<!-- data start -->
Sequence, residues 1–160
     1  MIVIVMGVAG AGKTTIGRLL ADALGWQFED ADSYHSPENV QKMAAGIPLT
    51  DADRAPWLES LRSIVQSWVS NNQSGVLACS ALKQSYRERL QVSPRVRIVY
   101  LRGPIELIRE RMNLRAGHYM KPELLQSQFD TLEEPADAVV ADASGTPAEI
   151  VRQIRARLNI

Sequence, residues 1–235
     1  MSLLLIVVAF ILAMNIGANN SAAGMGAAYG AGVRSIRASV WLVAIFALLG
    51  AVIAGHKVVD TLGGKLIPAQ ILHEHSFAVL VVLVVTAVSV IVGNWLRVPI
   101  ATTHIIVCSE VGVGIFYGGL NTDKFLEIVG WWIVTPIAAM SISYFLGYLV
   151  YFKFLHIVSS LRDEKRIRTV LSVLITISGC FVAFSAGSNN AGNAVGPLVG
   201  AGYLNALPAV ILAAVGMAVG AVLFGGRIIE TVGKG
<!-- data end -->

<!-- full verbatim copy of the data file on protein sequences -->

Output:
Sequence, residues 1–160
     1  MIVIVMGVAG AGKTTIGRLL ADALGWQFED ADSYHSPENV QKMAAGIPLT
    51  DADRAPWLES LRSIVQSWVS NNQSGVLACS ALKQSYRERL QVSPRVRIVY
   101  LRGPIELIRE RMNLRAGHYM KPELLQSQFD TLEEPADAVV ADASGTPAEI
   151  VRQIRARLNI

Sequence, residues 1–235
     1  MSLLLIVVAF ILAMNIGANN SAAGMGAAYG AGVRSIRASV WLVAIFALLG
    51  AVIAGHKVVD TLGGKLIPAQ ILHEHSFAVL VVLVVTAVSV IVGNWLRVPI
   101  ATTHIIVCSE VGVGIFYGGL NTDKFLEIVG WWIVTPIAAM SISYFLGYLV
   151  YFKFLHIVSS LRDEKRIRTV LSVLITISGC FVAFSAGSNN AGNAVGPLVG
   201  AGYLNALPAV ILAAVGMAVG AVLFGGRIIE TVGKG